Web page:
After the evening sacrifice, Ezra rises and prays, beginning with a confession that suggests far less confidence that God will relent from punishment than our psalmist above: “O my God, I am too ashamed and embarrassed to lift my face to you, my God, for our iniquities have risen higher than our heads, and our guilt has mounted up to the heavens.” (9:6) Ezra’s long prayer observes that the people are back to exactly the same sins that caused them to be conquered by the Assyrians 70 years earlier. He knows that God is right to be angry as he concludes, “O Lord, God of Israel, you are just, but we have escaped as a remnant, as is now the case. Here we are before you in our guilt, though no one can face you because of this.” (9:15)

Ezra’s rather dramatic confession, “weeping and throwing himself down before the house of God,” (10:1) makes a definite impact on the people and they also “wept bitterly.” He asks them all to “make a covenant with our God to send away all these wives and their children, …and let it be done according to the law.” (10:3) Ezra pleads for them to “Take action, for it is your duty, and we are with you; be strong, and do it.” (10:4) And the people swear to do it.

It is impossible in this day and age to understand the sheer enormity of what Ezra has asked the people to do. Would I be willing to break up my family because I have offended God? I can think of few greater trials of one’s faith.

Romans 1:26–2:4: Like Ezra, Paul is outraged at sin and comes down particularly hard on the sin of homosexuality in a way that’s difficult to square with our current cultural attitudes: “in the same way also the men, giving up natural intercourse with women, were consumed with passion for one another. Men committed shameless acts with men and received in their own persons the due penalty for their error.” (1:27)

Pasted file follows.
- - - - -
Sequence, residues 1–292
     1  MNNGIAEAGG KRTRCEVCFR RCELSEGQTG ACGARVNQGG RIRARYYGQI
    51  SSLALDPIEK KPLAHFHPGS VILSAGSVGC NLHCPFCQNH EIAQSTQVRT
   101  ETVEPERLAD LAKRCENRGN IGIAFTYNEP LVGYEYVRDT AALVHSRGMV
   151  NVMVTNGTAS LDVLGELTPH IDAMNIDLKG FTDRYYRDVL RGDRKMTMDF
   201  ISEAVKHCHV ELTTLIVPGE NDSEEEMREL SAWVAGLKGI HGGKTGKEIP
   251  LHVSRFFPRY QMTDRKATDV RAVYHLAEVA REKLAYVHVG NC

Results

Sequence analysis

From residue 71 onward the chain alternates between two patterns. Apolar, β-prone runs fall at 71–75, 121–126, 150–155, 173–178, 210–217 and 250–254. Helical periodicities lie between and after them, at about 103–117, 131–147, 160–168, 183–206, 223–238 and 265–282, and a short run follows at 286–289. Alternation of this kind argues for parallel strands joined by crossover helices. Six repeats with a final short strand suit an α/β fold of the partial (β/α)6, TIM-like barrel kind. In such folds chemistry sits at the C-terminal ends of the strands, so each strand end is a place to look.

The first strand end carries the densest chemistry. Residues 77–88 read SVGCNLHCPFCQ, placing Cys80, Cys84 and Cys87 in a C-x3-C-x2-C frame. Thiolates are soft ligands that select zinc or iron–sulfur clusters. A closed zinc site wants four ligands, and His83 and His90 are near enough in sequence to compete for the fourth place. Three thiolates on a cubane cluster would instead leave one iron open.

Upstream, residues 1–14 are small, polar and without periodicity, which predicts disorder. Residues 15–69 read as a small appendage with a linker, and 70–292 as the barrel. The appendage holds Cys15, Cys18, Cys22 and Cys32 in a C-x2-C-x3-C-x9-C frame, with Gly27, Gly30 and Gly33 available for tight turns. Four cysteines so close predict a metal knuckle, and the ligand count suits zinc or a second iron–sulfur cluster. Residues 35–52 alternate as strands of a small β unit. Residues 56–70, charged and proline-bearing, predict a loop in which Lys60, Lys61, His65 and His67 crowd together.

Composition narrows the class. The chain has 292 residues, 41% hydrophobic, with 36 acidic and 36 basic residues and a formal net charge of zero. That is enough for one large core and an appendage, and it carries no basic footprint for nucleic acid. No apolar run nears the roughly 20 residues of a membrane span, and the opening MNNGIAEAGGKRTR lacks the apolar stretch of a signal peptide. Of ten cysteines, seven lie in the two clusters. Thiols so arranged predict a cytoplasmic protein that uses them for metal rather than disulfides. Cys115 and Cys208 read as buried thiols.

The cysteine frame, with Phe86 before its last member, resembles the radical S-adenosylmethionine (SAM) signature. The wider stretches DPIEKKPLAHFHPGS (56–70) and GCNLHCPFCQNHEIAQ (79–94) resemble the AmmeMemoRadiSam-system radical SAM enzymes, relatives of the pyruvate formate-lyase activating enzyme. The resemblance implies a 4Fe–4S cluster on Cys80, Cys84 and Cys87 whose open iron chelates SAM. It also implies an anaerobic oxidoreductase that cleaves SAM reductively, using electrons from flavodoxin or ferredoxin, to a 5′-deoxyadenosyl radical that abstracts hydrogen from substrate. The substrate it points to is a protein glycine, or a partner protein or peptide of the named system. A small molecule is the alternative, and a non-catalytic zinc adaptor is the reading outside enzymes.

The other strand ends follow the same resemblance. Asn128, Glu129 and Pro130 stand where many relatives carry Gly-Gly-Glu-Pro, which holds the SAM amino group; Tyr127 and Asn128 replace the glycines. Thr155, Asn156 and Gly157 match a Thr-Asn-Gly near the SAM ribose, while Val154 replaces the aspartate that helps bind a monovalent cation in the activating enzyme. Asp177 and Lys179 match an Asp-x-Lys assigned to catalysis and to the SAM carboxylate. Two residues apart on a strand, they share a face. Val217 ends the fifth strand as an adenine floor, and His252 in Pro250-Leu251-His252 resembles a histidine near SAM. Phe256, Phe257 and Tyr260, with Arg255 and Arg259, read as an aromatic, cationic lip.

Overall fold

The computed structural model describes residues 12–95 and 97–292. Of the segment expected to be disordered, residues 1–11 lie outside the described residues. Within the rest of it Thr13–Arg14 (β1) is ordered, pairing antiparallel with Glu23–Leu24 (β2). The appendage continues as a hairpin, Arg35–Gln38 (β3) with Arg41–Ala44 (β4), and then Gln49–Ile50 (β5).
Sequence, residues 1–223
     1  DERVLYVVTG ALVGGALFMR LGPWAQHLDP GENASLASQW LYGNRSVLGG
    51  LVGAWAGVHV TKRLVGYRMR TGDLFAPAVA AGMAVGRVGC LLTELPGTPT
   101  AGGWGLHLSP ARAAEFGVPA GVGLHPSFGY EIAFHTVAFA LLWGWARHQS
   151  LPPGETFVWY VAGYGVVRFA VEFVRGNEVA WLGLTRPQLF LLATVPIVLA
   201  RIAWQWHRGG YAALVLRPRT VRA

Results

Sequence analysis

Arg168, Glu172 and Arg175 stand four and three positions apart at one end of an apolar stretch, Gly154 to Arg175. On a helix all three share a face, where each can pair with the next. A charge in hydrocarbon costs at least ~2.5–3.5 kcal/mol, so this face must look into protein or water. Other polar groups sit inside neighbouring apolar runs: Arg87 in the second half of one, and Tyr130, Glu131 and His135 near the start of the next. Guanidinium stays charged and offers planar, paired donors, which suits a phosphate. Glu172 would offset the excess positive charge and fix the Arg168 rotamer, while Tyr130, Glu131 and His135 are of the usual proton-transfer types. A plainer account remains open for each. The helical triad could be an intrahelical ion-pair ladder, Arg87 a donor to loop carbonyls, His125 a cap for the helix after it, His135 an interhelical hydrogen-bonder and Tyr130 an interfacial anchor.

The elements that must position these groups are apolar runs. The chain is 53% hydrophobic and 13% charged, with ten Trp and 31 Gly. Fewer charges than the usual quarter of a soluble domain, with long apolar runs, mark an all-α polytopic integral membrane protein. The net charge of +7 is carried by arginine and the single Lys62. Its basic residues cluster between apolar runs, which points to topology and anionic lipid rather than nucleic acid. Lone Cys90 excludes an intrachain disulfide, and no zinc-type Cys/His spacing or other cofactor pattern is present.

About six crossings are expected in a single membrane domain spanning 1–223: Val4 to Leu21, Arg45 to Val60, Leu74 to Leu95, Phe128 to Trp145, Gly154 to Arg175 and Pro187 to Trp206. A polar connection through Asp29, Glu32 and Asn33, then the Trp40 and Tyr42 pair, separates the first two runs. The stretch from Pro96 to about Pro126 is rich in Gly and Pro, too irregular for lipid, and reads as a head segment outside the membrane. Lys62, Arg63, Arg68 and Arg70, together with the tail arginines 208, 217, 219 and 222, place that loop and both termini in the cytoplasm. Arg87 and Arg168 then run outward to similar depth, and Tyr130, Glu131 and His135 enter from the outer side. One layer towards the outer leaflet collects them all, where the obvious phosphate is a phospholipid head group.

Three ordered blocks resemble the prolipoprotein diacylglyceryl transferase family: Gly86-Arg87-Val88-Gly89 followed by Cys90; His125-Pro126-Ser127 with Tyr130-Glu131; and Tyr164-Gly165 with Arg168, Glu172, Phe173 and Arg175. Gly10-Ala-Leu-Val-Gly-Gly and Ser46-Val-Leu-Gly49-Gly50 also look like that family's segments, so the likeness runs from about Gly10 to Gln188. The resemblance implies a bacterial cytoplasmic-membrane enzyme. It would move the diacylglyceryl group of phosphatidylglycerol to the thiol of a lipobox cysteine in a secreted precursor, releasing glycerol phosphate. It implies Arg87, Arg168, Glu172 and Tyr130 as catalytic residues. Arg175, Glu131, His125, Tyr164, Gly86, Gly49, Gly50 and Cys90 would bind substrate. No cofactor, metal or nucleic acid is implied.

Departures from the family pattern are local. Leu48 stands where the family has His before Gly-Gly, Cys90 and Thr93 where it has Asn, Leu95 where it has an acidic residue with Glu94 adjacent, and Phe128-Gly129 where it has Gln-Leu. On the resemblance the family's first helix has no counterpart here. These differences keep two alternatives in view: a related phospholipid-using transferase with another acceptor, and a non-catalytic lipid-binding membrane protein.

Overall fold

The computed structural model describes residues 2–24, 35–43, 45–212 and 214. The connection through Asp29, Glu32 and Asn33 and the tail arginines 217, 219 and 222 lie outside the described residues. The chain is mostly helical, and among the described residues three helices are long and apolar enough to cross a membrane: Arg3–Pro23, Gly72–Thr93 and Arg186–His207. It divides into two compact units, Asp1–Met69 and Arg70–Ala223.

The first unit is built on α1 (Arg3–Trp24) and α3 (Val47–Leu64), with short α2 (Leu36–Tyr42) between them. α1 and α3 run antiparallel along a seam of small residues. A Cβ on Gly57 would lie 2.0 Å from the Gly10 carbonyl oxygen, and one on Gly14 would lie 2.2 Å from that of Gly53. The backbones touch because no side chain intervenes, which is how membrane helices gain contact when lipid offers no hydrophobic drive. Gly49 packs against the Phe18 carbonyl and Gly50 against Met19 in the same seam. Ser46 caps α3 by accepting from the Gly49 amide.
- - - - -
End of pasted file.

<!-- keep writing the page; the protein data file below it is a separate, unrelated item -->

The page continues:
Even worse, because “they did not see fit to acknowledge God,” God appears to have given up on them: “God gave them up to a debased mind and to things that should not be done.” (28) This applies not only to homosexual acts, but then, in the first of many Pauline lists, these people are “filled with every kind of wickedness, evil, covetousness, malice. Full of envy, murder, strife, deceit, craftiness, they are gossips, slanderers, God-haters,  insolent, haughty, boastful, inventors of evil, rebellious toward parents, foolish, faithless, heartless, ruthless.” (29-31) But perhaps worst of all, “they not only do them but even applaud others who practice them.” (32) Which is certainly an apt description of the rapid acceptance of new cultural norms that’s happened in Americas over the past 15 years.

In short, Paul writes off an entire sinful culture. But then he warns us who profess to follow Christ that we have no excuse to judge these people because we’re guilty of the same sorts of sins. In fact this kind judgement is a greater sin than that committed by the “God-haters.” Just because we profess to love God does not give us a free pass: “Do you imagine, whoever you are, that when you judge those who do such things and yet do them yourself, you will escape the judgment of God? Or do you despise the riches of his kindness and forbearance and patience? ” (2:3, 4)

My takeaway here is that we in the church, who are so quick to judge others, are committing a greater sin than those who are doing the sins we are condemning. In this regard, the church has failed and continues to fail mightily. For there are few institutions skilled and adept at judging others than those of us in the church. It also means that if as a Christian you’re going to condemn someone else for a sin you are probably guilty of the greater sin of judgement. So, don’t quote the anti-homosexual verses without including the judgement verses.